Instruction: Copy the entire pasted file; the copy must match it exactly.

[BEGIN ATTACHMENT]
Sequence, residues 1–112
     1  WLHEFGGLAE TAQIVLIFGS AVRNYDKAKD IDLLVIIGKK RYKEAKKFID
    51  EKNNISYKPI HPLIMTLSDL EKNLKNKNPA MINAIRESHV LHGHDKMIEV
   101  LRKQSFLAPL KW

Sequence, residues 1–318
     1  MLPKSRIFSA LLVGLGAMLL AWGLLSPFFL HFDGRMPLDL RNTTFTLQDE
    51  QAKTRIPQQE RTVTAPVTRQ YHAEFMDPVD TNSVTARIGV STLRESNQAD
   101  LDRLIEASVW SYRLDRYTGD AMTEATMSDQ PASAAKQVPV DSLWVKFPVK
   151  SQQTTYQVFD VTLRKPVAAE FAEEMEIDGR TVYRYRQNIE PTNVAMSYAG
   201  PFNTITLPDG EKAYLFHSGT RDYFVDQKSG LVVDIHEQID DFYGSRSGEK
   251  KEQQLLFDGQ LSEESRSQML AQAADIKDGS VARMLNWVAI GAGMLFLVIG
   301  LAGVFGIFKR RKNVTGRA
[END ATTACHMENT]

Sequence, residues 1–112
     1  WLHEFGGLAE TAQIVLIFGS AVRNYDKAKD IDLLVIIGKK RYKEAKKFID
    51  EKNNISYKPI HPLIMTLSDL EKNLKNKNPA MINAIRESHV LHGHDKMIEV
   101  LRKQSFLAPL KW

Sequence, residues 1–318
     1  MLPKSRIFSA LLVGLGAMLL AWGLLSPFFL HFDGRMPLDL RNTTFTLQDE
    51  QAKTRIPQQE RTVTAPVTRQ YHAEFMDPVD TNSVTARIGV STLRESNQAD
   101  LDRLIEASVW SYRLDRYTGD AMTEATMSDQ PASAAKQVPV DSLWVKFPVK
   151  SQQTTYQVFD VTLRKPVAAE FAEEMEIDGR TVYRYRQNIE PTNVAMSYAG
   201  PFNTITLPDG EKAYLFHSGT RDYFVDQKSG LVVDIHEQID DFYGSRSGEK
   251  KEQQLLFDGQ LSEESRSQML AQAADIKDGS VARMLNWVAI GAGMLFLVIG
   301  LAGVFGIFKR RKNVTGRA